Pharmaceutical companies are a commercial business licensed to research, develop, market and/or distribute drugs, most commonly in the context of healthcare. Pharmaceutical companies may deal in generic or brand medications and medical devices. They are subject to a variety of laws and regulations that govern the patenting, testing, safety, efficacy and marketing of drugs. The pharmaceutical industry plays a significant role in developing medications and vaccines to reduce the incidence of diseases, to treat diseases and enhance the quality of life of people.
The Zambian pharmaceuticals industry comprises of bio medical research, biotechnology firms, originator and generic medicine companies and service related segments including wholesaling and distribution.
Laws and regulations in Zambia
In Zambia the pharmaceutical sector is under the full authority of the Pharmaceutical Regulatory Authority (PRA), which is a semi-autonomous public board created under the National Drug Policy. The Pharmaceutical Regulatory Authority is in charge of registration and regulation, procurement and distribution of drugs, financial management, as well as issues concerning quality control of drugs and rational use of medicines.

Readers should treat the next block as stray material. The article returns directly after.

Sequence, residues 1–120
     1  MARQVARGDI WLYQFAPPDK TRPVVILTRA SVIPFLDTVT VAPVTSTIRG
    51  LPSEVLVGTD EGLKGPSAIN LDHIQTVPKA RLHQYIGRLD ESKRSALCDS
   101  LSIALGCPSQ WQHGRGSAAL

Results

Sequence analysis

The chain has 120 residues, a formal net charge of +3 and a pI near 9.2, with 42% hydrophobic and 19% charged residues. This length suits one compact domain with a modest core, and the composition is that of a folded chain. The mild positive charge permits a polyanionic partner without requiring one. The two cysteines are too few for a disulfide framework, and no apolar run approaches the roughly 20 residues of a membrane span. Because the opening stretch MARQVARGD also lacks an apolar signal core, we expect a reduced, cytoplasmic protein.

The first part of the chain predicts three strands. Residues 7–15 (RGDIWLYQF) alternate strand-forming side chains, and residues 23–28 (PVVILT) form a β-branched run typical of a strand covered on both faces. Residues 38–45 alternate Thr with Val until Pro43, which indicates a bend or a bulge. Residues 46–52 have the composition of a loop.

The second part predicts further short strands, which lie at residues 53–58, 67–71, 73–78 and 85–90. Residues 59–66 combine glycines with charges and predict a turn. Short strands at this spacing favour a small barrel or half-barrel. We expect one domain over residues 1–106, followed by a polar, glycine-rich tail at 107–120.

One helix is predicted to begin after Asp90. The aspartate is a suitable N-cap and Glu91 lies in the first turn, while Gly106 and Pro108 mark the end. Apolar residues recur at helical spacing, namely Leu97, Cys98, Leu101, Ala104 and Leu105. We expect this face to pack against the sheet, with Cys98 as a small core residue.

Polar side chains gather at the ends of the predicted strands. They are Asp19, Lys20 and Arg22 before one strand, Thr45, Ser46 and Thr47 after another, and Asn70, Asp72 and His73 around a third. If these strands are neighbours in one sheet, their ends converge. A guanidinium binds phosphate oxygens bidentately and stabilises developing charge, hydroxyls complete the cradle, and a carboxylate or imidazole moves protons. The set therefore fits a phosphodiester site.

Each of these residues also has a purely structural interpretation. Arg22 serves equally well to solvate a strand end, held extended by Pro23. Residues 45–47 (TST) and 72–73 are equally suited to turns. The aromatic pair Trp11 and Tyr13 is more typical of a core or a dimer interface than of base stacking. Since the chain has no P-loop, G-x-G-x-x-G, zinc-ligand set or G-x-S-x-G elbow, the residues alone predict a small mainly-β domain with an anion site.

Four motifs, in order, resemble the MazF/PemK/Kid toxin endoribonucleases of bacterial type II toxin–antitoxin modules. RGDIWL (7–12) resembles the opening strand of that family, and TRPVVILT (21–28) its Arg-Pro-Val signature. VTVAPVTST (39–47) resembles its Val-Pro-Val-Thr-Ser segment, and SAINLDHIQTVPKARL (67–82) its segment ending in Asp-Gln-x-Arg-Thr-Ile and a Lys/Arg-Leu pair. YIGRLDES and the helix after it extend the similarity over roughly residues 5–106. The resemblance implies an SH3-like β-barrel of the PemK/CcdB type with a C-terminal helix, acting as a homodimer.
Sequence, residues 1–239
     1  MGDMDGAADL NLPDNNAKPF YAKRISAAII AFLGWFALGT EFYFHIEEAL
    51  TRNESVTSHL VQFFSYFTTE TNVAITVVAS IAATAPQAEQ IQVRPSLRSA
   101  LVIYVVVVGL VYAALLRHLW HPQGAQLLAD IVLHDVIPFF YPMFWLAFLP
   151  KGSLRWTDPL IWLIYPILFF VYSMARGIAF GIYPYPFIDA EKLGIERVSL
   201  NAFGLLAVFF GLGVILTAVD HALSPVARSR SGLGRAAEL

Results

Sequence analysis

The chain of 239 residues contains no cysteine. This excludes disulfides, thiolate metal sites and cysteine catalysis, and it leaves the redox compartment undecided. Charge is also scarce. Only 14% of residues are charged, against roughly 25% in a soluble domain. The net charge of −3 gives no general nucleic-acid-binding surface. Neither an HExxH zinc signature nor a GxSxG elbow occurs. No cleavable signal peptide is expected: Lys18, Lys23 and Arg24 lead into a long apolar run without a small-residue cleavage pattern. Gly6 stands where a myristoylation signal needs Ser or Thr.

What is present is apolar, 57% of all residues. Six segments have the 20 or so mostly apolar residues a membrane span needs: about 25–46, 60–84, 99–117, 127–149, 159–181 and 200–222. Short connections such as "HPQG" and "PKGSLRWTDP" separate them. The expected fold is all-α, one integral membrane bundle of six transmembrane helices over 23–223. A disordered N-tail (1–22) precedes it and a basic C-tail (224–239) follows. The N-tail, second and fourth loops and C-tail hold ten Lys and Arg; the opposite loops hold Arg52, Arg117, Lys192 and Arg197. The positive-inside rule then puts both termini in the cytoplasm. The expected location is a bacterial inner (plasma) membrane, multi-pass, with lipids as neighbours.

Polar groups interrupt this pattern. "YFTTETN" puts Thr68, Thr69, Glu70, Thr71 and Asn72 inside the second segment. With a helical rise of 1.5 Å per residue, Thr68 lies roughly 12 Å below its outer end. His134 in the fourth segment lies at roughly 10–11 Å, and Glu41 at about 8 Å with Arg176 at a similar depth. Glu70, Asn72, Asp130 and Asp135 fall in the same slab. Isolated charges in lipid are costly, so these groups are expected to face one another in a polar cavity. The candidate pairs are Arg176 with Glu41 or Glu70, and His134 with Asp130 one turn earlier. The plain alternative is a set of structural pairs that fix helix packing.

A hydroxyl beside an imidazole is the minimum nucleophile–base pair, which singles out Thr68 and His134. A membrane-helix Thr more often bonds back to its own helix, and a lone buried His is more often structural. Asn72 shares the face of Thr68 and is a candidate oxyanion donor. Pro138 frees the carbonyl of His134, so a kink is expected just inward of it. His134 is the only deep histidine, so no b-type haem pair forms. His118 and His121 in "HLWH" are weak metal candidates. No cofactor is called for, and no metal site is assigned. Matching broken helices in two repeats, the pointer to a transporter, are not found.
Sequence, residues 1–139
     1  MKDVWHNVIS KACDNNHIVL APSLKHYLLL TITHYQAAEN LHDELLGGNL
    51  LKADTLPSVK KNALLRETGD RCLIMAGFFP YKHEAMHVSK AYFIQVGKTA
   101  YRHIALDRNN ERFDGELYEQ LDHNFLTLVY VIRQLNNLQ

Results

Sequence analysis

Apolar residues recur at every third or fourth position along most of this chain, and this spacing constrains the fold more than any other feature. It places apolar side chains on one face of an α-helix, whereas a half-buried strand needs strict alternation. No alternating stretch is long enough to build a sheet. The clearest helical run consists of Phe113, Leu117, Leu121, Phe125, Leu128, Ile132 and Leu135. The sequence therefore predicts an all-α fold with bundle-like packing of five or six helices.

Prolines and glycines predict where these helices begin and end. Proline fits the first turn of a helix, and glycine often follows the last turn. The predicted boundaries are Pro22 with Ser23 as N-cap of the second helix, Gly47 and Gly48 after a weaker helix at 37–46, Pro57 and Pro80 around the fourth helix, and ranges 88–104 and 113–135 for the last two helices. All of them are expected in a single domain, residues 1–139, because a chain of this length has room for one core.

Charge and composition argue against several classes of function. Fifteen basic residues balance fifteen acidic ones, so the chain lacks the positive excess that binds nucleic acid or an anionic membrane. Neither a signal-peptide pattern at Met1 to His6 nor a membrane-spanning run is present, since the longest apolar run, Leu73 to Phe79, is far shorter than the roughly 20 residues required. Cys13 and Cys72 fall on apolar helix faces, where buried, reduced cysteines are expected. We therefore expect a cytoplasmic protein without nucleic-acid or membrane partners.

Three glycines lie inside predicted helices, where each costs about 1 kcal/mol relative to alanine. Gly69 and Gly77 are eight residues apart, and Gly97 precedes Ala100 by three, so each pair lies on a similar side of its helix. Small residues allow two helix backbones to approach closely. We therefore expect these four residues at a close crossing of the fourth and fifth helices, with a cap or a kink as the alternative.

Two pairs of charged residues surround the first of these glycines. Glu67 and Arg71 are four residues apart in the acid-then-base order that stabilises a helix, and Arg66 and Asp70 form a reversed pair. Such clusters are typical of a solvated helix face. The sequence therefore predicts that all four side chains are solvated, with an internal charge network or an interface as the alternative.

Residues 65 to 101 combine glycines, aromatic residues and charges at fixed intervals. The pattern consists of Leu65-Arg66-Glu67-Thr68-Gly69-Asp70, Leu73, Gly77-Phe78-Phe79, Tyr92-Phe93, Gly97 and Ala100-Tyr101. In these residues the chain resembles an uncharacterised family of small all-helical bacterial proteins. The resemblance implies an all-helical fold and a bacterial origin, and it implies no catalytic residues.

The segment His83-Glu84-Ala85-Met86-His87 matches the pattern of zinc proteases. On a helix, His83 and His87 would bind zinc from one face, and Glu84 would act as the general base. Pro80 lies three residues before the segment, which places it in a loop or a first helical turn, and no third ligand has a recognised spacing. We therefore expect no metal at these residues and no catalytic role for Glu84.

Most producers of medicines circulating on the Zambian drug markets are foreign producers. To receive the market authorization, they must all comply with anyone of the following set of regulation: the WHO certification, the certification standards of the country of origin of the drugs and/or re-testing by the Zambia Food and Drug Laboratory. Medicines produced by local manufacturers must be certified by the Zambia Food and Drugs Laboratory before being introduced on the market.
Pharmaceutical industry in Zambia
The Zambian pharmaceutical industry has continued to register strong growth mainly due to the overall population growth, underlying economic growth of about 6.5% that had been experienced for almost a decade. Despite the last two years reduced GDP growth rate that the economy has experienced mainly due to the tanking of international copper prices and power bottlenecks, the pharmaceutical industry is expected to continue its growth trajectory. The World Health Organization (WHO) report showed that the Zambian pharmaceutical market size had reached $241 million by 2014, but like many African countries, the country remained behind in local manufacturing, leading to dependency on imports for its budding industry. The manufacturing potential of the pharmaceutical industry has great promise due to the rise in consumer spending, increased medical needs as well as improved diagnostic services.